(6) whitespace-containing character sequences at positions corresponding to word boundaries. As with all experiments in this paper, the BR-corpora for this experiment do not contain spaces. SNLM Model configurations and Evaluation LSTMs had 512 hidden units with parameters learned using the Adam update rule (Kingma and Ba, 2015). We evaluated our models with bits-percharacter (bpc) and segmentation accuracy (Brent, 1999; Venkataraman, 2001; Goldwater et al., 2009). Refer to Appendices C–F for details of model configurations and evaluation metrics. For the image caption dataset, we extend the model with a standard attention mechanism in the backbone LSTM (LSTMenc ) to incorporate image context. For every character-input, the model calculates attentions over image features and use them to predict the next characters. As for image representations, we use features from the last convolution layer of a pre-trained VGG19 model (Simonyan and Zisserman, 2014).. 7. Results. In this section, we first do a careful comparison of segmentation performance on the phonemic Brent corpus (BR-phono) across several different segmentation baselines, and we find that our model obtains competitive segmentation performance. Additionally, ablation experiments demonstrate that both lexical memory and the proposed expected length regularization are necessary for inferring good segmentations. We then show that also on other corpora, we likewise obtain segmentations better than baseline models. Finally, we also show that our model has superior performance, in terms of heldout perplexity, compared to a character-level LSTM language model. Thus, overall, our results show that we can obtain good segmentations on a variety of tasks, while still having very good language modeling performance. Word Segmentation (BR-phono) Table 1 summarizes the segmentation results on the widely used BR-phono corpus, comparing it to a variety of baselines. Unigram DP, Bigram HDP, LSTM suprisal and HMLSTM refer to the benchmark models explained in §6. The ablated versions of our model show that without the lexicon (−memory), without the expected length penalty (−length), and without either, our model fails to discover good segmentations. Furthermore, we draw attention to the. difference in the performance of the HDP and DP models when using subjective settings of the hyperparameters and the empirical settings (likelihood). Finally, the deterministic baselines are interesting in two ways. First, LSTM surprisal is a remarkably good heuristic for segmenting text (although we will see below that its performance is much less good on other datasets). Second, despite careful tuning, the HMLSTM of Chung et al. (2017) fails to discover good segments, although in their paper they show that when spaces are present between, HMLSTMs learn to switch between their internal models in response to them. Furthermore, the priors used in the DP/HDP models were tuned to maximize the likelihood assigned to the validation set by the inferred posterior predictive distribution, in contrast to previous papers which either set them subjectively or inferred them (Johnson and Goldwater, 2009). For example, the DP and HDP model with subjective priors obtained 53.8 and 72.3 F1 scores, respectively (Goldwater et al., 2009). However, when the hyperparameters are set to maximize held-out likelihood, this drops obtained 56.1 and 56.9. Another result on this dataset is the feature unigram model of Berg-Kirkpatrick et al. (2010), which obtains an 88.0 F1 score with hand-crafted features and by selecting the regularization strength to optimize segmentation performance. Once the features are removed, the model achieved a 71.5 F1 score when it is tuned on segmentation performance and only 11.5 when it is tuned on held-out likelihood. P. R. F1. LSTM surprisal (Elman, 1990) 54.5 55.5 55.0 HMLSTM (Chung et al., 2017) 8.1 13.3 10.1 Unigram DP Bigram HDP SNLM (−memory, −length) SNLM (+memory, −length) SNLM (−memory, +length) SNLM (+memory, +length). 63.3 53.0 54.3 52.4 57.6 81.3. 50.4 61.4 34.9 36.8 43.4 77.5. 56.1 56.9 42.5 43.3 49.5 79.3. Table 1: Summary of segmentation performance on phoneme version of the Brent Corpus (BR-phono).. Word Segmentation (other corpora) Table 2 summarizes results on the BR-text (orthographic Brent corpus) and Chinese corpora. As in the previous section, all the models were trained to maxi-. 6434.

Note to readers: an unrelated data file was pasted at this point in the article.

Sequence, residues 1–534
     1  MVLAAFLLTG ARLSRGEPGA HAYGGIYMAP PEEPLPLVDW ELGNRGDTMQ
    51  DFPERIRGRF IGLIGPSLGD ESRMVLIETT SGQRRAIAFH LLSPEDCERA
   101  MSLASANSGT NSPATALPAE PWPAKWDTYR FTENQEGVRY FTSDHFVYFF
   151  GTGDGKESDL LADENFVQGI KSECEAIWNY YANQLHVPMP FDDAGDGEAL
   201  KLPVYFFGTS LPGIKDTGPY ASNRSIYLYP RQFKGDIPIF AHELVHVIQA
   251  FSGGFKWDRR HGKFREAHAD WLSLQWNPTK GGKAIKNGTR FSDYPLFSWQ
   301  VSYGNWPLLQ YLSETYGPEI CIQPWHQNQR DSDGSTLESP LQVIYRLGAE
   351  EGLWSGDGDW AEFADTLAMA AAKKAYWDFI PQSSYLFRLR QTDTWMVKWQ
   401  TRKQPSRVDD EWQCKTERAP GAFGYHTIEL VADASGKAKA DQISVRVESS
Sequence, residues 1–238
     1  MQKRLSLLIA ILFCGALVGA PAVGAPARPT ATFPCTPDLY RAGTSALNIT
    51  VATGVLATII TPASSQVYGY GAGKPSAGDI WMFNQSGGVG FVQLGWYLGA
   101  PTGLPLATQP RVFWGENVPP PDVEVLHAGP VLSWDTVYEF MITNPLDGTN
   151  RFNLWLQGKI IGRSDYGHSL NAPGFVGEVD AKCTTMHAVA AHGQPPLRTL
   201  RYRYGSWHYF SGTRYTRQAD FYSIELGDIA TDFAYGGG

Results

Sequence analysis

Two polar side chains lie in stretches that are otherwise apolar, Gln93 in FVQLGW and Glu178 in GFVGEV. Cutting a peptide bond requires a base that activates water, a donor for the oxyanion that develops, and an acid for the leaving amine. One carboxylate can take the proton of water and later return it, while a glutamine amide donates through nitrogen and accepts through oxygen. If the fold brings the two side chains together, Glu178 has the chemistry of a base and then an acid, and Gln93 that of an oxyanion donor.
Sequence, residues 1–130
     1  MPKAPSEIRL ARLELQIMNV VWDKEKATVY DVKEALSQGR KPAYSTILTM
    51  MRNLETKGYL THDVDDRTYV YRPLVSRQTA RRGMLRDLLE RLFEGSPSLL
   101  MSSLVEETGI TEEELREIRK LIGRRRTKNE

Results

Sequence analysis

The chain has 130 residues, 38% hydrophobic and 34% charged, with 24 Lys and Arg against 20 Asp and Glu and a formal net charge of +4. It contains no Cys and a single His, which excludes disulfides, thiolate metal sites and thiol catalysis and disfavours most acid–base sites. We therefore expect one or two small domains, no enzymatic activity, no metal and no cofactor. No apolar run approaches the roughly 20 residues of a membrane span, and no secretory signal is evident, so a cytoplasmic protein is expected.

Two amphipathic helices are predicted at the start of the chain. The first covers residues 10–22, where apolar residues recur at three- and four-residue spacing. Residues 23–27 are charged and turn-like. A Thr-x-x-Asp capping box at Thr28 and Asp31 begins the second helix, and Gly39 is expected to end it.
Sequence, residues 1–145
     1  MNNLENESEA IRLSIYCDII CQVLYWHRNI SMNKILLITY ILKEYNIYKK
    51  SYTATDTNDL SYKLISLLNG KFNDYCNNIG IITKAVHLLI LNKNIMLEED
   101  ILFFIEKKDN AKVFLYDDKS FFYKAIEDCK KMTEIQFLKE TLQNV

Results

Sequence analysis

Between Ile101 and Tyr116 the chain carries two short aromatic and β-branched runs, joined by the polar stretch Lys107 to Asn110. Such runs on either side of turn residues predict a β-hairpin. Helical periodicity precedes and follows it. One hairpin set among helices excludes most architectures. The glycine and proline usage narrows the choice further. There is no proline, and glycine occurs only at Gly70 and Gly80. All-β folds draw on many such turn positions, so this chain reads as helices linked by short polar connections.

(7) mize held-out likelihood. Here we observe a similar pattern, with the SNLM outperforming the baseline models, despite the tasks being quite different from each other and from the BR-phono task. P. R. F1. BR-text. LSTM surprisal Unigram DP Bigram HDP SNLM. 36.4 64.9 52.5 68.7. 49.0 55.7 63.1 78.9. 41.7 60.0 57.3 73.5. PTB. LSTM surprisal Unigram DP Bigram HDP SNLM. 27.3 51.0 34.8 54.1. 36.5 49.1 47.3 60.1. 31.2 50.0 40.1 56.9. CTB. LSTM surprisal Unigram DP Bigram HDP SNLM. 41.6 61.8 67.3 78.1. 25.6 49.6 67.7 81.5. 31.7 55.0 67.5 79.8. PKU. LSTM surprisal Unigram DP Bigram HDP SNLM. 38.1 60.2 66.8 75.0. 23.0 48.2 67.1 71.2. 28.7 53.6 66.9 73.1. Table 2: Summary of segmentation performance on other corpora.. Word Segmentation Qualitative Analysis We show some representative examples of segmentations inferred by various models on the BR-text and PKU corpora in Table 3. As reported in Goldwater et al. (2009), we observe that the DP models tend to undersegment, keep long frequent sequences together (e.g., they failed to separate articles). HDPs do successfully prevent oversegmentation; however, we find that when trained to optimize heldout likelihood, they often insert unnecessary boundaries between words, such as yo u. Our model’s performance is better, but it likewise shows a tendency to oversegment. Interestingly, we can observe a tendency tends to put boundaries between morphemes in morphologically complex lexical items such as dumpty ’s, and go ing. Since morphemes are the minimal units that carry meaning in language, this segmentation, while incorrect, is at least plasuible. Turning to the Chinese examples, we see that both baseline models fail to discover basic words such as 山间 (mountain) and 人们 (human). Finally, we observe that none of the models successfully segment dates or numbers containing mul-. tiple digits (all oversegment). Since number types tend to be rare, they are usually not in the lexicon, meaning our model (and the H/DP baselines) must generate them as character sequences. Language Modeling Performance The above results show that the SNLM infers good word segmentations. We now turn to the question of how well it predicts held-out data. Table 4 summarizes the results of the language modeling experiments. Again, we see that SNLM outperforms the Bayesian models and a character LSTM. Although there are numerous extensions to LSTMs to improve language modeling performance, LSTMs remain a strong baseline (Melis et al., 2018). One might object that because of the lexicon, the SNLM has many more parameters than the character-level LSTM baseline model. However, unlike parameters in LSTM recurrence which are used every timestep, our memory parameters are accessed very sparsely. Furthermore, we observed that an LSTM with twice the hidden units did not improve the baseline with 512 hidden units on both phonemic and orthographic versions of Brent corpus but the lexicon could. This result suggests more hidden units are useful if the model does not have enough capacity to fit larger datasets, but that the memory structure adds other dynamics which are not captured by large recurrent networks. Multimodal Word Segmentation Finally, we discuss results on word discovery with nonlinguistic context (image). Although there is much evidence that neural networks can reliably learn to exploit additional relevant context to improve language modeling performance (e.g. machine translation and image captioning), it is still unclear whether the conditioning context help to discover structure in the data. We turn to this question here. Table 5 summarizes language modeling and segmentation performance of our model and a baseline character-LSTM language model on the COCO image caption dataset. We use the Elman Entropy criterion to infer the segmentation points from the baseline LM, and the MAP segmentation under our model. Again, we find our model outperforms the baseline model in terms of both language modeling and word segmentation accuracy. Interestingly, we find while conditioning on image context leads to reductions in perplexity in both models, in our model the presence of the image further improves segmentation accuracy. This suggests that. 6435.